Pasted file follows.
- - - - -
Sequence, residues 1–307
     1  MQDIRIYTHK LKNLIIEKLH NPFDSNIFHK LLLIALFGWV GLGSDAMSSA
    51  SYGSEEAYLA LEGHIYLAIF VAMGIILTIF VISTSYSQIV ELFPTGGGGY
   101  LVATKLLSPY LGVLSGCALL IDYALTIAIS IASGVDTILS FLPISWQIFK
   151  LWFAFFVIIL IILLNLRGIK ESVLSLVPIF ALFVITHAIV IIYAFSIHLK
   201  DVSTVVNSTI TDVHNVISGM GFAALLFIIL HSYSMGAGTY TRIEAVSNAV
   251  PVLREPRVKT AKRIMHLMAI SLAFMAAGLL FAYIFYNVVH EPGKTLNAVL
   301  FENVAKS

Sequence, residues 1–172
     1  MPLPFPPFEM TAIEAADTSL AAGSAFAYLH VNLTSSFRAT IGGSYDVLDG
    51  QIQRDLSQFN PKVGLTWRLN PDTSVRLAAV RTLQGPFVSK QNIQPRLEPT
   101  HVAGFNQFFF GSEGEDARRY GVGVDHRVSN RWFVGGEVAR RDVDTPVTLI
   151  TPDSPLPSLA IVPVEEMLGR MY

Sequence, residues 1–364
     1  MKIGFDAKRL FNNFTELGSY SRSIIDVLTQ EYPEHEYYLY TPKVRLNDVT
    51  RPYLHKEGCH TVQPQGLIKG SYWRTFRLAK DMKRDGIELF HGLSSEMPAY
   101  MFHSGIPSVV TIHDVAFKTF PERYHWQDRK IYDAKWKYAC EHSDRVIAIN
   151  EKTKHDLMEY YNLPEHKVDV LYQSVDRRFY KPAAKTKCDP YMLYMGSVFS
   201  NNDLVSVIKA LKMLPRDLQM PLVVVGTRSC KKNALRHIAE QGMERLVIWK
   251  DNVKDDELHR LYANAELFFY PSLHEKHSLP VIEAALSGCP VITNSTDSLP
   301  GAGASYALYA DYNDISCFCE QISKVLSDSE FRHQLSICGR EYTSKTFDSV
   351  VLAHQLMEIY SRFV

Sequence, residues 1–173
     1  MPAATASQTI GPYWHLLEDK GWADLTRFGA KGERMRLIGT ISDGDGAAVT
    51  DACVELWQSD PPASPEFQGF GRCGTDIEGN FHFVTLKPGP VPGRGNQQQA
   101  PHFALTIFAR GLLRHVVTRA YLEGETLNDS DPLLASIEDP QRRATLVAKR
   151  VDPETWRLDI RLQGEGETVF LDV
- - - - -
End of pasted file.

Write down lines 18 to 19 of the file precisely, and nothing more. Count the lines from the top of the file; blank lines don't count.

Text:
   151  EKTKHDLMEY YNLPEHKVDV LYQSVDRRFY KPAAKTKCDP YMLYMGSVFS
   201  NNDLVSVIKA LKMLPRDLQM PLVVVGTRSC KKNALRHIAE QGMERLVIWK